The ocular in a variable power scope also handles the magnification, and because mechanically moving parts will "shift", so will the point of aim. Some are better then others and some are worse. As I understand it for instance, the Leupold VXIII scope's design requirement was for no more the 1/4 minute of shift. While this sounds like quite a bit, compare that to Redfield and the old Bushnell scopes which are reported to be as much as 2 minutes. The new Elites for instance are some of the best. I suspect the higher end scopes, and obviously those used in long distance shooting, are also quite good to almost perfect. In the long run, it's a moving mechanical piece and there will be some shift, even if it's as little as 1/100 minute.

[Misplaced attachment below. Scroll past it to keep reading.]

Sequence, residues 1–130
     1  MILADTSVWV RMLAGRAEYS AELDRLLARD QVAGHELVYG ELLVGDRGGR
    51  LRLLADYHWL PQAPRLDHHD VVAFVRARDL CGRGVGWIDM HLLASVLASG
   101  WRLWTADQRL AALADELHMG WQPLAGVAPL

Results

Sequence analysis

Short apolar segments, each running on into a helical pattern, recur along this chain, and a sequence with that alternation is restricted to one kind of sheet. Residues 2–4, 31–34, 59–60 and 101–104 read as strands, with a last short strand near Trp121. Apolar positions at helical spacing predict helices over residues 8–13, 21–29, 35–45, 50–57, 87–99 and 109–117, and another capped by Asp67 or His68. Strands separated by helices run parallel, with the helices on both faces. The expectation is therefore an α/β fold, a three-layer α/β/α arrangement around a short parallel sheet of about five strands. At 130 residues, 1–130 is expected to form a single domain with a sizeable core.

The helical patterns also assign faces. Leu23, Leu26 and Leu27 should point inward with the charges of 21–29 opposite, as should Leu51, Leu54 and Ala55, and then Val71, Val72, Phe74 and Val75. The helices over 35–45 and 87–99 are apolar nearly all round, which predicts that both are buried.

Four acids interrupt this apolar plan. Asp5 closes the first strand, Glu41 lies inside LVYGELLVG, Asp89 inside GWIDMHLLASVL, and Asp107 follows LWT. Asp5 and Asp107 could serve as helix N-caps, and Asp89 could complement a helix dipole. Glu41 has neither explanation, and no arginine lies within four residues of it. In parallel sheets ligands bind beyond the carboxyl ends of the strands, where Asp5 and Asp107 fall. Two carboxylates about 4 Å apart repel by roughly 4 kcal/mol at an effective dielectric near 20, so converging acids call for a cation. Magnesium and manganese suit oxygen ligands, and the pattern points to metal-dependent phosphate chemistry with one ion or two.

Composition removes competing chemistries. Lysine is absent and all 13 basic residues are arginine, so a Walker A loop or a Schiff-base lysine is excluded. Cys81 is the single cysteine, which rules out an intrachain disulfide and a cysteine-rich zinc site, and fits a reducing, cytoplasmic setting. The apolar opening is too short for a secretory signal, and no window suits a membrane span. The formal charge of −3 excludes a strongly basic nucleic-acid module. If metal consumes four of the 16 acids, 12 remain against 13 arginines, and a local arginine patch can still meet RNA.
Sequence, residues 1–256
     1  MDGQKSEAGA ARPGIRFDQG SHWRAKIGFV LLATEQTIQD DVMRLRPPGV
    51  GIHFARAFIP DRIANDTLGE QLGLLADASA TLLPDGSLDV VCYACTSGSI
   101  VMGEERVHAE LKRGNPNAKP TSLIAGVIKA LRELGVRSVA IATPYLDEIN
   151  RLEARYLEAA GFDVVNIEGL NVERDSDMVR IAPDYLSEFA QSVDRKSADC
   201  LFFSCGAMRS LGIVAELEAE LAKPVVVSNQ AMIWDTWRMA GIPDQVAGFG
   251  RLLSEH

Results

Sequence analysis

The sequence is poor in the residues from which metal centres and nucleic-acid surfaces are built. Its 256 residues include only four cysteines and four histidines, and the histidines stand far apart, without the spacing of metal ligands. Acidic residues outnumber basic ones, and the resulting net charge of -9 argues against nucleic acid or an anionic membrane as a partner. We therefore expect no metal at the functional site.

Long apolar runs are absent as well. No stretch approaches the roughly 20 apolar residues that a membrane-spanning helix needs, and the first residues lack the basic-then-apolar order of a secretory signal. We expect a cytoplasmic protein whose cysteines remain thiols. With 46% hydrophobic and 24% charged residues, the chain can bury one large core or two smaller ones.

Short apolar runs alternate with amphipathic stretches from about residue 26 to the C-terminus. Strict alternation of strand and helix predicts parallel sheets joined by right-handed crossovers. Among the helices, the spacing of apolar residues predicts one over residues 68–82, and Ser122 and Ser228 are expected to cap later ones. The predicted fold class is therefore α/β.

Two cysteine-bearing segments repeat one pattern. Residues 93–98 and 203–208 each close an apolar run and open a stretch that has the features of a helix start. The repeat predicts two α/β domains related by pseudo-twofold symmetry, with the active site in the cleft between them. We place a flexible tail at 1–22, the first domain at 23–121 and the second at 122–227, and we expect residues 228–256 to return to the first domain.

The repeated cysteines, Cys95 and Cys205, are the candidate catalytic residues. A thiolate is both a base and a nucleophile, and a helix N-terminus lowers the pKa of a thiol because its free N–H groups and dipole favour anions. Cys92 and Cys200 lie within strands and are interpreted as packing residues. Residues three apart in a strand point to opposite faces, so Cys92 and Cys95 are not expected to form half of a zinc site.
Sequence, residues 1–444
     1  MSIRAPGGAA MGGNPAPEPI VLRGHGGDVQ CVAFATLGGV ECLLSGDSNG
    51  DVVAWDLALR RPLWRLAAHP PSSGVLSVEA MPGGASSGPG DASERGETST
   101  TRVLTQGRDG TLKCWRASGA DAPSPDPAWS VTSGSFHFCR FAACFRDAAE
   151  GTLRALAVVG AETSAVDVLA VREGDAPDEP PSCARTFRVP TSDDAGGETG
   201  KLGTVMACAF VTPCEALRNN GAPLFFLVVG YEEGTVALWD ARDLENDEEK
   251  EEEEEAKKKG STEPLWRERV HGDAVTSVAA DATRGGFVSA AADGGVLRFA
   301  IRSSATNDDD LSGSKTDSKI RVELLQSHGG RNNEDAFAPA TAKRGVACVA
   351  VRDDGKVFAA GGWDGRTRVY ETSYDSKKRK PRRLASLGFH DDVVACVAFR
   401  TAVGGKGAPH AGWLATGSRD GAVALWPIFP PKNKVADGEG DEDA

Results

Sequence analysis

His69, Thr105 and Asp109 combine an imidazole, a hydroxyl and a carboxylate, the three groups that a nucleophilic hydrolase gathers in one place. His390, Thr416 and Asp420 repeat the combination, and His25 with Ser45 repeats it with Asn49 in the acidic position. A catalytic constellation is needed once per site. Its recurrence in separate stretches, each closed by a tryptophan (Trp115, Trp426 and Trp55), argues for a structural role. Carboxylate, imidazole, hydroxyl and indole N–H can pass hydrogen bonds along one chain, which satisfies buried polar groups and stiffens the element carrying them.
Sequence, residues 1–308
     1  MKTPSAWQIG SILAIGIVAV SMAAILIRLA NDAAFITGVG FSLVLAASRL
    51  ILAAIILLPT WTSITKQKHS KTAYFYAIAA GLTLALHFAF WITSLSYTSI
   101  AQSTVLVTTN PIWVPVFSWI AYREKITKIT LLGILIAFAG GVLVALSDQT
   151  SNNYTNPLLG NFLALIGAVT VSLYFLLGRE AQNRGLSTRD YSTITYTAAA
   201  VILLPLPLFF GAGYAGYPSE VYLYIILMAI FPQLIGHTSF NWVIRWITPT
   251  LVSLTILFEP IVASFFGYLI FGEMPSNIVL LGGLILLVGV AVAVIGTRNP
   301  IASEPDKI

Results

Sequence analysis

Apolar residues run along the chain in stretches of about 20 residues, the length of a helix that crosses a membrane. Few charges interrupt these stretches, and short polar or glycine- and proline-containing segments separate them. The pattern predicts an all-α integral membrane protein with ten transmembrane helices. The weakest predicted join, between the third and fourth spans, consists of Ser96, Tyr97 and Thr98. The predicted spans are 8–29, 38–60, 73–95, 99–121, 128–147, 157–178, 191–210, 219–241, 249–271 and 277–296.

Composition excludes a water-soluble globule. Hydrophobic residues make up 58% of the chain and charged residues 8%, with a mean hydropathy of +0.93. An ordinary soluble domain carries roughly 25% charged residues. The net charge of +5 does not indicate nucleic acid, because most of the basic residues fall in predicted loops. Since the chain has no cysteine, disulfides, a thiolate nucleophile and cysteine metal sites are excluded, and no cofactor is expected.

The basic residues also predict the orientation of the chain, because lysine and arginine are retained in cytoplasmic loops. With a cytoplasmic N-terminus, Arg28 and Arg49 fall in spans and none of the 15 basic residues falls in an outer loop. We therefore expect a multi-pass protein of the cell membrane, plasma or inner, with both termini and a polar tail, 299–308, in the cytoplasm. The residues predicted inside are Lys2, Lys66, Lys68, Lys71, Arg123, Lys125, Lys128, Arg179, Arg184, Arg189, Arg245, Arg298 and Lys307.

Other coatings come into play with rifle scopes and other sporting optics for things such as moisture on the objective, contrast enhancement and scratch resistance. Moisture and scratch resistance coatings are self explanatory whereas contrast enhancement will have to do with lighting conditions as well as the individual eyesight. These will usually be color tints, though some may not be obvious, which bring out detail in other colors that the hunter might need under differing conditions. As stated earlier, for the cost of ion depositing and ion milling, I doubt there are many, if any, rifle scope manufacturers that will use these techniques.

At this point I'll call it good and will update as I find new or differing information.


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Updated 04-02-2008 at 15:30 by Heat



  1. JB257460's Avatar
    Very, very interesting read!! Thanks, Ken! I look forward to the next installment
  2. KingCobraTX's Avatar
    Thanks Ken for the intel! Very good information!
  3. 's Avatar
    Very good info I learned a lot. Thanks
  4. skipper's Avatar
    nice articel
    the blog are used, yes
  5. canuck's Avatar
    Excellent Ken....thanks.